It was going on an hour beyond the scheduled start time for Thursday afternoon’s weigh-in for Lamont Peterson’s title fight against Kendall Holt, and the room was growing restless.

But this being boxing, extended delays often are employed to grow the drama, so those attending the event, including District officials, reporters and curious fight fans, passed the minutes by discussing whispers that Holt was above the weight limit and needed additional time to reach 140 pounds.

Finally the interminable wait was over, and the doors to the Grand Hyatt ballroom swung open, revealing both fighters and their camps. Peterson, a District native, and Holt made their way to the stage, and the International Boxing Federation junior welterweight champion stepped onto the scale first, weighing in at a fraction above 139 pounds.

Then the crowd fell silent as the former World Boxing Organization junior welterweight champion, who’s seeking a career resurgence, took his turn. After fight officials noted the result, Holt exulted, having made weight exactly on the number a little more than 24 hours before the bout at the D.C. Armory.

“The hard part is out of the way,” Peterson said following a meeting with rules officials and referees that lasted nearly an hour. “All this training, the dieting, making the weight. The fun part is here. It’s time to go out and entertain.”

Peterson (30-1-1, 15 knockouts) has not done so in 14 months, the most protracted layoff of his career. His last bout was also in the District, a stunning victory against heavily favored Amir Khan at the Walter E. Washington Convention Center on Dec. 10, 2011.

After surviving an early knockout bid, the long shot, who rose from homelessness to championship contender, pushed Khan through 12 rounds, and judges rewarded Peterson with the IBF and World Boxing Association belts by split decision.

Soon thereafter, a rematch was set for May 19 in Las Vegas, but less than two weeks before the bout, Peterson tested positive for a banned substance, setting into motion a sequence of events that kept his team focused primarily on clearing his name rather than actively searching for an opponent.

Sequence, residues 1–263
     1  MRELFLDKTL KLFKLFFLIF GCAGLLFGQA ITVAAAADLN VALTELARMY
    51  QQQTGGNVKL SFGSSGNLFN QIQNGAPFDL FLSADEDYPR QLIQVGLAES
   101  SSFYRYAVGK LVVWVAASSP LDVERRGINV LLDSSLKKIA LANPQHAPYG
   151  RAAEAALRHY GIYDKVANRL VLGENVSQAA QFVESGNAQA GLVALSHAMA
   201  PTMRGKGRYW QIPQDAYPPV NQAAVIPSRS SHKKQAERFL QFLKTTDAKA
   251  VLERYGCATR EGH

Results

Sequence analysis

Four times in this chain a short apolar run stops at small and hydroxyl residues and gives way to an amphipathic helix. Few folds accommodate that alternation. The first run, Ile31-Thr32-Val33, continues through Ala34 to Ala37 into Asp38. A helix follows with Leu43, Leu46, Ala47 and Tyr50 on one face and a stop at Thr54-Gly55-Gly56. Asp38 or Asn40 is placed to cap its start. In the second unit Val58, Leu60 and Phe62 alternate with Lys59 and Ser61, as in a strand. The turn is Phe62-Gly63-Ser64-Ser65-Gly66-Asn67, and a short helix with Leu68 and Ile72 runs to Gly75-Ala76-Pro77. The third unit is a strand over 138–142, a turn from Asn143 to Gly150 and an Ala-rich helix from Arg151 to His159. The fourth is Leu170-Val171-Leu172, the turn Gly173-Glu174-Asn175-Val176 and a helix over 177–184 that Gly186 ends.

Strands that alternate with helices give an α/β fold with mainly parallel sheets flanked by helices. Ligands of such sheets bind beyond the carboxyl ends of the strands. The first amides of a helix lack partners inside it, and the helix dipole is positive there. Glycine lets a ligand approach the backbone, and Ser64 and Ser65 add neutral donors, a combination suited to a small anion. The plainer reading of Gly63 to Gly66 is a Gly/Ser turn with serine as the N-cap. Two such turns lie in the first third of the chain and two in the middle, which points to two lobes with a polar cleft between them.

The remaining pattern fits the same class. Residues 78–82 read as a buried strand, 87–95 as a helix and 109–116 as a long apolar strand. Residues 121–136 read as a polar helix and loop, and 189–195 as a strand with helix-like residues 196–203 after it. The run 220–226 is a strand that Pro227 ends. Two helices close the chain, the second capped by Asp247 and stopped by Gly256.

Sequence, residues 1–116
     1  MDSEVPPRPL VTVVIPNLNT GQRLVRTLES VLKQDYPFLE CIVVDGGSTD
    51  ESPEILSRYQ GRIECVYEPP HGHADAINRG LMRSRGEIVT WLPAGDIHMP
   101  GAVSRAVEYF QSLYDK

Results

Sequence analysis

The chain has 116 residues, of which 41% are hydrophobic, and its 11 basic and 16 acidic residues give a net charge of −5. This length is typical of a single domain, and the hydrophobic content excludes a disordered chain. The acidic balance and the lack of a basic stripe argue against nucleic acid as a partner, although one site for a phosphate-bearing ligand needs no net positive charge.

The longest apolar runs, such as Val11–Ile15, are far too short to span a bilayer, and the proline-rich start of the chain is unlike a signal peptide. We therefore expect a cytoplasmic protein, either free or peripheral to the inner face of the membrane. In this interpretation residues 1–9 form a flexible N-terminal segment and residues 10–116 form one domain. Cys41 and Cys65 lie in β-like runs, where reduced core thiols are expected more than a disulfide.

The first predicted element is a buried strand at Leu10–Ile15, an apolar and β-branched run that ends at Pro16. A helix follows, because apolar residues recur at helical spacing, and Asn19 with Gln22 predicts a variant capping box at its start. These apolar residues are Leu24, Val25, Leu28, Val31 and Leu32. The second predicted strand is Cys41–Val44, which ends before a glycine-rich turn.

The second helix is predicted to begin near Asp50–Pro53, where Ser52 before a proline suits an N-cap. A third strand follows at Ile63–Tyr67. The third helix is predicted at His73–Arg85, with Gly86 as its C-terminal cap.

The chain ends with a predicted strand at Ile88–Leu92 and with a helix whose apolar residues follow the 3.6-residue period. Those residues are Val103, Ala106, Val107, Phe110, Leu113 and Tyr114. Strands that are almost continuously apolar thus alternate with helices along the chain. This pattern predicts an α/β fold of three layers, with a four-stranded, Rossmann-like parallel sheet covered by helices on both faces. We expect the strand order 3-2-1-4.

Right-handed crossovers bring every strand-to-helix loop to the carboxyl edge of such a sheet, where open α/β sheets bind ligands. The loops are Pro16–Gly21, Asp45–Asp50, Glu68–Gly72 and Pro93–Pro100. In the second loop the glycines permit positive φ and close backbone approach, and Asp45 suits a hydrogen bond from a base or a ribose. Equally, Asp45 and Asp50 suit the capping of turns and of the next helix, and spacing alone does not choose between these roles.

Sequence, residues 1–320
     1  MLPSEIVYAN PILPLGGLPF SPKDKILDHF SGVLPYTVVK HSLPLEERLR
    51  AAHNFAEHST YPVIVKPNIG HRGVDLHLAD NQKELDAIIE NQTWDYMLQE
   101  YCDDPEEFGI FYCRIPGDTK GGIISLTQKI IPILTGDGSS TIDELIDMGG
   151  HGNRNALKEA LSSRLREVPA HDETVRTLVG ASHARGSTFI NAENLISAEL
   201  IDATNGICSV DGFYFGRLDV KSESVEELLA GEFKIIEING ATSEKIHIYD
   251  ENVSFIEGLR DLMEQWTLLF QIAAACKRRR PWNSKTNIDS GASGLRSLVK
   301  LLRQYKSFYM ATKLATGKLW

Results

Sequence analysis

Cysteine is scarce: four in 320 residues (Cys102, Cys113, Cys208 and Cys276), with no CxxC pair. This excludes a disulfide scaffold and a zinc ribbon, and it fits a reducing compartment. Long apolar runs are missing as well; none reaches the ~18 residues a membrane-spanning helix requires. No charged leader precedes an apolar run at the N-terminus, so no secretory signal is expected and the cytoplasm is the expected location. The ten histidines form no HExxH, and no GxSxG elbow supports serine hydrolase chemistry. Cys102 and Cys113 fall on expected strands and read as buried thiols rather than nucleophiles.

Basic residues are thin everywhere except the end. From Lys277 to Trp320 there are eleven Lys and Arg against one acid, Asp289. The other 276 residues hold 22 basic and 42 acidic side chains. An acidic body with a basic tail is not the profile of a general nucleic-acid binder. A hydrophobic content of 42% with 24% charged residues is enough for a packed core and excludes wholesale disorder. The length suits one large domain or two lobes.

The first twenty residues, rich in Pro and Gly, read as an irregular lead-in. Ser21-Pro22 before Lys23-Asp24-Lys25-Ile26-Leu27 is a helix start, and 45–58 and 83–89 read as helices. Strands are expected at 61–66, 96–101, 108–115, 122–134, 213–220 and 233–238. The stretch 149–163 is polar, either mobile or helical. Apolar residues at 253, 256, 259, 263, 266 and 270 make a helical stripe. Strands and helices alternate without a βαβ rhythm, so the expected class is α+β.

Although the WBA stripped Peterson of the belt, the IBF launched its investigation by retaining an independent physician who examined Peterson’s medical records. Peterson’s camp maintained all along he had been taking soy-based testosterone to treat a medical condition, and the IBF findings supported that claim, allowing him to keep the title.

“Instead of dwelling on that, he’s been vindicated by the medical community,” trainer Barry Hunter said the other day. “I’m happy. I want to talk about Lamont Peterson-Kendall Holt Feb. 22.”

Peterson had plenty of support at the weigh-in, which not surprisingly featured a distinctively partisan crowd. After Holt (28-5, 16 KOs), who’s from Paterson, N.J., made weight and proclaimed himself the next world champion, Peterson supporters responded in kind.

“You came to the wrong place,” they shouted.

Peterson smiled broadly when asked later about fighting in his home town instead of higher-profile boxing destinations such as Las Vegas or Atlantic City. Peterson has said fighting in the District helped carry him through those early rounds against Khan when it appeared he could go to the canvas for good, and he repeated this week he’s perfectly content to fight at the Armory.

Besides, Peterson’s previous three fights before Khan were in Las Vegas, and now that he’s calling the shots as the champion, he wants to bring back world class boxing to venues near where he grew up in Southeast.

“It means a lot to be able to entertain my family, friends, saving them a little money from going to Vegas,” Peterson said. “To me, the energy in the air, I know it’s going to help me out a lot when I’m in that ring trying to win rounds. It’s a close round, and I hear that crowd cheering for me, it’s going to give me that extra energy that I need.”